Use this URL to cite or link to this record in EThOS: https://ethos.bl.uk/OrderDetails.do?uin=uk.bl.ethos.733577
Title: The influence of the skin colour on the perceived attributes
Author: Wang, Mengmeng
Awarding Body: University of Leeds
Current Institution: University of Leeds
Date of Award: 2017
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Abstract:
Skin colour data are important for many applications such as medical, imaging, cosmetics. The present study was aimed to collect a comprehensive skin colour database, and to study the impact of the skin colour on the variety of facial impression attributes. Although many researchers and engineers have collected skin data,few of them studied the skin colours to measure the same locations on a large number of subjects from different ethnic groups using the same colour measuring instruments. As for studying the impact of the skin colour on the visual perceptions, many studies investigated the impact of the skin colour on the attractiveness, health and youth. Limited previous studies investigated the impact of the skin colour on the other impression attributes. The present study was divided into two experiments, Experiments 1 and 2. Experiment 1 was to accumulate the skin colour database, named the Leeds Liverpool skin colour (LLSC). It included skin colours of 188 people from four ethnic groups (Caucasian, Oriental, South Asian and African) and both genders. Three colour measuring methods were used to accumulate the skin colour of each subject’s 10 locations including facial locations (forehead, cheekbone, cheek, nose tip, chin and neck) and body locations (the back of the hand, inner forearm, outer forearm and fingertip). The colour measuring methods included a tele-spectroradiometer (TSR), a spectrophotometer (SP) and a set of skin colour chart used as a visual aid. Also, a characterised digital camera controlled by an imaging system was used to collect facial images. Before the data collection, the short-term repeatability of different settings of the TSR and the SP on measuring human skin colour in vivo was determined. And this was used to settle the measurement protocols of the two instruments. The LLSC database was later used to investigate the skin colour distribution between ethnic groups, between genders, between measuring methods. A skin whiteness and blackness scales based on the CIELAB L* and Cab* scales in CIELAB was developed by referencing the vividness and depth formulae, which was developed by Berns (2000). It was found that these scales and CIELAB hue angle can describe well the property of skin colour of each ethnic group. Experiment 2 was to investigate the impact of the skin colour on the facial impression attributes. Based on the LLSC database, the gamut of skin colour was defined. Twenty-three attributes used to describe facial skin colours were accumulated. They were classified into two groups (appearance and impression). Two experiments were carried out on a monitor to understand the impact of the skin colour on the perceived facial impression attributes. The first experiment (Experiment 2.1) was to study the relationship between different attributes by 10 observers. The results showed that only four dimensions were required to describe skin facial colours, which were named Likeable, Sociable, Feminine and Youth. The health was also selected because the traditional Chinese medicine has interested in it. The second experiment (Experiment 2.2) was to scale facial images selected from two ethnic groups and both genders by using these five impression attributes by 24 Chinese observers. The experimental results showed that there were systematic patterns between the impression attributes and the whiteness and hue angle scales. There are some differences between these images for each impression. The ethnic group had an impact on the judgement, but the difference between the Oriental and Caucasian female images was limited. Finally, mathematical models were successfully developed to predict the impressions from the skin whiteness and hue angle data.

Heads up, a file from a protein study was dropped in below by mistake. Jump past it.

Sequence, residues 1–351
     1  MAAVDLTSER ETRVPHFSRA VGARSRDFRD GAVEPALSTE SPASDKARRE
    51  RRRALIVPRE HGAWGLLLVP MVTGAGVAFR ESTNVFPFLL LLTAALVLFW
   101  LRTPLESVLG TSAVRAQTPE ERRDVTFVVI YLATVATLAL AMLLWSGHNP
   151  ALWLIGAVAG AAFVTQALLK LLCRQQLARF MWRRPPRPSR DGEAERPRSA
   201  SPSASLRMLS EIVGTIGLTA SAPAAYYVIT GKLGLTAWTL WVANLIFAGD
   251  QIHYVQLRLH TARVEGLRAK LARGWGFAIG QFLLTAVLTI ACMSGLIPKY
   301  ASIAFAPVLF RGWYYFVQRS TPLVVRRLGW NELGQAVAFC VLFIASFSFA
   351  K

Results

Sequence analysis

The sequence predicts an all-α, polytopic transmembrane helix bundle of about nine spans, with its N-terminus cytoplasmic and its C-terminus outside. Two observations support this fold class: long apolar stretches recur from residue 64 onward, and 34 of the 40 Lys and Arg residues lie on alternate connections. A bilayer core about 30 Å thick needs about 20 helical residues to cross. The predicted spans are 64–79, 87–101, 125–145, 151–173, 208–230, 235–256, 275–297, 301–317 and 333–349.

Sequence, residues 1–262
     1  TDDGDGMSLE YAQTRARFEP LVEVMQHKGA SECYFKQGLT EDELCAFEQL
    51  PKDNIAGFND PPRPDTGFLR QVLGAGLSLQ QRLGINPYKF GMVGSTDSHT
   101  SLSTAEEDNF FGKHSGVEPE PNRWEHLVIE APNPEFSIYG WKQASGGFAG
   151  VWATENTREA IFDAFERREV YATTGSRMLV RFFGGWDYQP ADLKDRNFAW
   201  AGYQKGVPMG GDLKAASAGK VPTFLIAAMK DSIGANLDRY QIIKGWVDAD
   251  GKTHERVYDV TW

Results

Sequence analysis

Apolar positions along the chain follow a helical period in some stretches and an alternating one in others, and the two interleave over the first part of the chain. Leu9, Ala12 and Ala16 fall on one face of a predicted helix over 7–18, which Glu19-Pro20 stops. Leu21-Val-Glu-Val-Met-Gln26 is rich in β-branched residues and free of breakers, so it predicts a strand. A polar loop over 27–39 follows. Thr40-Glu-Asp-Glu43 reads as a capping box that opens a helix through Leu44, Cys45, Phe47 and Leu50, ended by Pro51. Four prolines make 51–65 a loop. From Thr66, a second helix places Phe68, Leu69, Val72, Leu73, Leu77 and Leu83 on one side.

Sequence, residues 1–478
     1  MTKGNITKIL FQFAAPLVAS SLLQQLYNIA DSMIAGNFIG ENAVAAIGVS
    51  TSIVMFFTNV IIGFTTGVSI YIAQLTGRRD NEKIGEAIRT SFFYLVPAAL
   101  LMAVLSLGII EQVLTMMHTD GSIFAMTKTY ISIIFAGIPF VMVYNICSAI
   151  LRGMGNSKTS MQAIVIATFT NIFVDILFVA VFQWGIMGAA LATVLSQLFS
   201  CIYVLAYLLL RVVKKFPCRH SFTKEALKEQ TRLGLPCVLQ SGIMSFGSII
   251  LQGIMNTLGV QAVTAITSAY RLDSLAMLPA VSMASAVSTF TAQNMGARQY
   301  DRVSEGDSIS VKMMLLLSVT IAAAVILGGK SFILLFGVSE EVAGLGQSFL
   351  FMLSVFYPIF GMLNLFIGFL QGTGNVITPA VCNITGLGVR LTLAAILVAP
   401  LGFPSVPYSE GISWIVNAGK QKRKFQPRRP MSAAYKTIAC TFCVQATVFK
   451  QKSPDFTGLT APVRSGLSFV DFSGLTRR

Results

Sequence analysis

Supervisor: Luo Ming, Ronnier ; Westland, Stephen ; Chueng, Vien Sponsor: Not available
Qualification Name: Thesis (Ph.D.) Qualification Level: Doctoral
EThOS ID: uk.bl.ethos.733577  DOI: Not available
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